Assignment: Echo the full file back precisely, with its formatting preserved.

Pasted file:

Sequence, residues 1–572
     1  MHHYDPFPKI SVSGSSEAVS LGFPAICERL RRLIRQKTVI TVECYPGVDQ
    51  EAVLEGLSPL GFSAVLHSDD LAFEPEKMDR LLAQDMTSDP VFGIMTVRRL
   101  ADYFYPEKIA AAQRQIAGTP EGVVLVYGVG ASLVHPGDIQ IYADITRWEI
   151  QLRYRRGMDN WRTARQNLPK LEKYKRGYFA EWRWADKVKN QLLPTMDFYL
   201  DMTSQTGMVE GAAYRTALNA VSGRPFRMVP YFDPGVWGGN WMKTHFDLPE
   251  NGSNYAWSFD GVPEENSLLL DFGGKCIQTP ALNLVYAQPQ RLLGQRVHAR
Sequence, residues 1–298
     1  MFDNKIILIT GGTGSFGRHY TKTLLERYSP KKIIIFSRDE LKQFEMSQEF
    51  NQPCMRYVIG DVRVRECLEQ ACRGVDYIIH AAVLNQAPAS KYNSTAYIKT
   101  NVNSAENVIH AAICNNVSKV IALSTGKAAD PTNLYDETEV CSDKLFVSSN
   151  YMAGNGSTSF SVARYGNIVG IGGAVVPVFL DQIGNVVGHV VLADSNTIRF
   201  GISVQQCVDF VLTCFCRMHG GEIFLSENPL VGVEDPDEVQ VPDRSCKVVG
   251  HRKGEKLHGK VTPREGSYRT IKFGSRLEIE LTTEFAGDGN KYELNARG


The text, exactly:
Sequence, residues 1–572
     1  MHHYDPFPKI SVSGSSEAVS LGFPAICERL RRLIRQKTVI TVECYPGVDQ
    51  EAVLEGLSPL GFSAVLHSDD LAFEPEKMDR LLAQDMTSDP VFGIMTVRRL
   101  ADYFYPEKIA AAQRQIAGTP EGVVLVYGVG ASLVHPGDIQ IYADITRWEI
   151  QLRYRRGMDN WRTARQNLPK LEKYKRGYFA EWRWADKVKN QLLPTMDFYL
   201  DMTSQTGMVE GAAYRTALNA VSGRPFRMVP YFDPGVWGGN WMKTHFDLPE
   251  NGSNYAWSFD GVPEENSLLL DFGGKCIQTP ALNLVYAQPQ RLLGQRVHAR
Sequence, residues 1–298
     1  MFDNKIILIT GGTGSFGRHY TKTLLERYSP KKIIIFSRDE LKQFEMSQEF
    51  NQPCMRYVIG DVRVRECLEQ ACRGVDYIIH AAVLNQAPAS KYNSTAYIKT
   101  NVNSAENVIH AAICNNVSKV IALSTGKAAD PTNLYDETEV CSDKLFVSSN
   151  YMAGNGSTSF SVARYGNIVG IGGAVVPVFL DQIGNVVGHV VLADSNTIRF
   201  GISVQQCVDF VLTCFCRMHG GEIFLSENPL VGVEDPDEVQ VPDRSCKVVG
   251  HRKGEKLHGK VTPREGSYRT IKFGSRLEIE LTTEFAGDGN KYELNARG